/Prince Charles is caught in an eco row after flying 125 miles in the Queens helicopter

Prince Charles is caught in an eco row after flying 125 miles in the Queens helicopter

Prince Charles flew 125 miles in the Queen’s helicopter before riding in a Bentley for a speech on cutting carbon emissions

  • It is estimated that his total journey of 368 miles cost at least £12,000
  • Clarence House said the carbon footprint left by his travel was offset every year
  • He could have cut emissions down to just 0.2 tonnes if he had travelled by car

Prince Charles has been caught in an eco row after flying 125 miles in the Queen’s helicopter before riding in a Bentley for a speech on cutting carbon emissions.  

Clarence House has defended the Prince of Wales after it was revealed that he flew in the private helicopter to make a speech about lowering aircraft emissions.

The royal flew 125 miles from Highgrove to Cambridge to speak to scientists from Cambridge University’s Whittle Laboratory, who are leading research into the decarbonisation of air travel.

It is estimated that his total journey of 368 miles cost at least £12,000 and caused about 2.5 tonnes of carbon emissions.

Prince Charles has been caught in an eco row after flying 125 miles in the Queen's helicopter before riding in a Bentley for a speech on cutting carbon emissions

Prince Charles has been caught in an eco row after flying 125 miles in the Queen's helicopter before riding in a Bentley for a speech on cutting carbon emissions

Prince Charles has been caught in an eco row after flying 125 miles in the Queen’s helicopter before riding in a Bentley for a speech on cutting carbon emissions

Clarence House has defended the Prince of Wales after it was revealed that he flew in the private helicopter to make a speech about lowering aircraft emissions

Clarence House has defended the Prince of Wales after it was revealed that he flew in the private helicopter to make a speech about lowering aircraft emissions

Clarence House has defended the Prince of Wales after it was revealed that he flew in the private helicopter to make a speech about lowering aircraft emissions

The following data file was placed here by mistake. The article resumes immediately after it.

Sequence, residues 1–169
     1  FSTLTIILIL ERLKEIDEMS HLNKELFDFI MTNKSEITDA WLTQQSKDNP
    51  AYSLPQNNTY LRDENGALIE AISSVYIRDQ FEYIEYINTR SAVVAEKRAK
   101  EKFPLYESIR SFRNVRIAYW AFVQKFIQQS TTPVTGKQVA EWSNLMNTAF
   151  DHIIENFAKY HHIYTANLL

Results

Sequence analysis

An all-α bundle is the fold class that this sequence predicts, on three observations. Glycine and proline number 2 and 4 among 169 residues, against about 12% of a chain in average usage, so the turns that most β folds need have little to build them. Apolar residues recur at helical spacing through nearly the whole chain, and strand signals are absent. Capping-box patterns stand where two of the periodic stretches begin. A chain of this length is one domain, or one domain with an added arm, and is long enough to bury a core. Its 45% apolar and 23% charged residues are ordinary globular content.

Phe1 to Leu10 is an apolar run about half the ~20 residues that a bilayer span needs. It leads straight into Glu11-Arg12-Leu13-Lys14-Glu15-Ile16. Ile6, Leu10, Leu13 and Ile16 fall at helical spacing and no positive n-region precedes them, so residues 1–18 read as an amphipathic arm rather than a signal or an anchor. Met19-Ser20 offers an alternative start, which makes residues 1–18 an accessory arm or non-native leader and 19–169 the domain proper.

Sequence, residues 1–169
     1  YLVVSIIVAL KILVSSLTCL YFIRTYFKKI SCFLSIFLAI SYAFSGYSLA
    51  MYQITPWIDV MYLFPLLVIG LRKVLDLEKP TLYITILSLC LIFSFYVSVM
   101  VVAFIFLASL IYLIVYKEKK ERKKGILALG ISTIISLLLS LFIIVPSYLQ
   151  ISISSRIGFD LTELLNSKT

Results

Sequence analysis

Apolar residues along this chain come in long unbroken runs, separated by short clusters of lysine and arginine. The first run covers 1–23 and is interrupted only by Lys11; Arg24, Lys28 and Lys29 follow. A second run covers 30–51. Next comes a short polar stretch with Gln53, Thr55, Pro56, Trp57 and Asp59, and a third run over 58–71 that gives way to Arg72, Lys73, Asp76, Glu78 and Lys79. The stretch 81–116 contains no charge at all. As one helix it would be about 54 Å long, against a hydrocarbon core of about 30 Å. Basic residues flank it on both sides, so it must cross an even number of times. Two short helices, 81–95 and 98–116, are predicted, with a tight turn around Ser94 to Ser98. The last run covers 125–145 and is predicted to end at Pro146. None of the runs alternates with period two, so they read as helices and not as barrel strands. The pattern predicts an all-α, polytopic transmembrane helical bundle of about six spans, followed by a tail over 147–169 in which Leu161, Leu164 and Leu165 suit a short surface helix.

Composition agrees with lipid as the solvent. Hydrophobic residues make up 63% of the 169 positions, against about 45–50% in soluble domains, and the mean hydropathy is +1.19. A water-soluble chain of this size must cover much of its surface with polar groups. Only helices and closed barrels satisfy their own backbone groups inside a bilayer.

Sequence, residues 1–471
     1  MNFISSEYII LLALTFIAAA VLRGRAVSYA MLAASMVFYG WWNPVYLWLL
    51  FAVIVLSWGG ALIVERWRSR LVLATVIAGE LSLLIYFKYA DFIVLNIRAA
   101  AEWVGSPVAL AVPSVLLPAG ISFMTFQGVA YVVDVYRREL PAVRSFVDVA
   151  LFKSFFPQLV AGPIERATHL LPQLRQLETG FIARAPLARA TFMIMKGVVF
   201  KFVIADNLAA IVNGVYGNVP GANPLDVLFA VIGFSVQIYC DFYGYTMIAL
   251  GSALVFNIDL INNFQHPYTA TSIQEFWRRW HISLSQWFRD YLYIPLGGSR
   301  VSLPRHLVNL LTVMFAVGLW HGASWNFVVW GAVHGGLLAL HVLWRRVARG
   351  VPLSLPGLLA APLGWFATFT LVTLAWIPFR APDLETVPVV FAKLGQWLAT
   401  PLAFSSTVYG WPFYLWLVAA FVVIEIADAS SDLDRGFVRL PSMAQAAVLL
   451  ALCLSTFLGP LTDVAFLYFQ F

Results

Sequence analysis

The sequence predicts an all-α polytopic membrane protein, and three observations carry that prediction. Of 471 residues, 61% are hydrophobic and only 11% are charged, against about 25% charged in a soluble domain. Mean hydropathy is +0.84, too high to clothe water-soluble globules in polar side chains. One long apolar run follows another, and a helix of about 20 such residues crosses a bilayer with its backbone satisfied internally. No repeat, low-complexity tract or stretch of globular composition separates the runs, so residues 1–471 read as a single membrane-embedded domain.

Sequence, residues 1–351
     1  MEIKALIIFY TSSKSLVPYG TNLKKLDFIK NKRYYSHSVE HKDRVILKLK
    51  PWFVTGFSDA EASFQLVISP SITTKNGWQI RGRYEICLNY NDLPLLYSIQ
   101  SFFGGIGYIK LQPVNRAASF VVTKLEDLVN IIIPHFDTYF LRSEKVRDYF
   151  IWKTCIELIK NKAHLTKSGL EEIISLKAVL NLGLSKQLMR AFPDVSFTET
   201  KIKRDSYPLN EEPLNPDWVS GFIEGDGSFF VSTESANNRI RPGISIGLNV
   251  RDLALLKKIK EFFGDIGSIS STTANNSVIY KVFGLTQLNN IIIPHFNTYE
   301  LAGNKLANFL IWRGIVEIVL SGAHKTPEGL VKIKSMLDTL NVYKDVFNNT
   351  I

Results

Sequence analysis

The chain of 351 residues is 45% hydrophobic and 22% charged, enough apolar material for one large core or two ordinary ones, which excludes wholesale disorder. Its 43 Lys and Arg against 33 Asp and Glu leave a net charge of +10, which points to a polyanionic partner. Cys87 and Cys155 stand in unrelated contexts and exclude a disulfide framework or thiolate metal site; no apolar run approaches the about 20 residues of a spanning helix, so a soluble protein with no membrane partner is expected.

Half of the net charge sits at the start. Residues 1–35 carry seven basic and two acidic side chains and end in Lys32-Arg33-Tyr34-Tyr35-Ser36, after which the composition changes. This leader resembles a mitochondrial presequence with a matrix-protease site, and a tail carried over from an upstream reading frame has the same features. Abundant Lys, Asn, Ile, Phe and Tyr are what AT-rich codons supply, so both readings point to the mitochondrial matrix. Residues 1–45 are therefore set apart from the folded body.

In a statement, Clarence House said the carbon footprint left by the 71-year-old’s travel was offset every year.

‘The prince is not personally involved in decisions around his transportation arrangements, though he ensures all carbon emissions are offset every year,’ a spokesperson said.

‘They are made based on what is possible within the constraints of time, distance and security.

The royal recently faced criticism for flying 16,000 miles in private jets and helicopters in the days leading up to this year's World Economic Forum in Davos, Switzerland. He is pictured there with Swedish eco-activist Greta Thunberg

The royal recently faced criticism for flying 16,000 miles in private jets and helicopters in the days leading up to this year's World Economic Forum in Davos, Switzerland. He is pictured there with Swedish eco-activist Greta Thunberg

The royal recently faced criticism for flying 16,000 miles in private jets and helicopters in the days leading up to this year’s World Economic Forum in Davos, Switzerland. He is pictured there with Swedish eco-activist Greta Thunberg

‘In order for him to undertake as many engagements as he does across the UK and around the world he sometimes has to fly. As he has often said, as soon as there is a more sustainable way of making these journeys, he’ll be the first to use it.’

It is estimated that Charles could have cut his emissions down to just 0.2 tonnes if he had travelled by car.

During a speech to researchers Charles urged them to ‘act quickly to rescue this poor old planet’. 

Prince Charles addresses the World Economic Forum in Davos, Switzerland

Prince Charles addresses the World Economic Forum in Davos, Switzerland

Prince Charles addresses the World Economic Forum in Davos, Switzerland

Campaign group Republic’s chief executive Graham Smith said: ‘He wants to play the role, but not walk the walk.

‘His view seems to be that it’s one rule for him and one rule for the rest of us.

‘Driving or using the train would have been pretty easy.’

The royal recently faced criticism for flying 16,000 miles in private jets and helicopters in the days leading up to this year’s World Economic Forum in Davos, Switzerland.

That was where he met Swedish eco-activist Greta Thunberg, 17 – who made a double crossing of the Atlantic by boat earlier this year after refusing to fly. 

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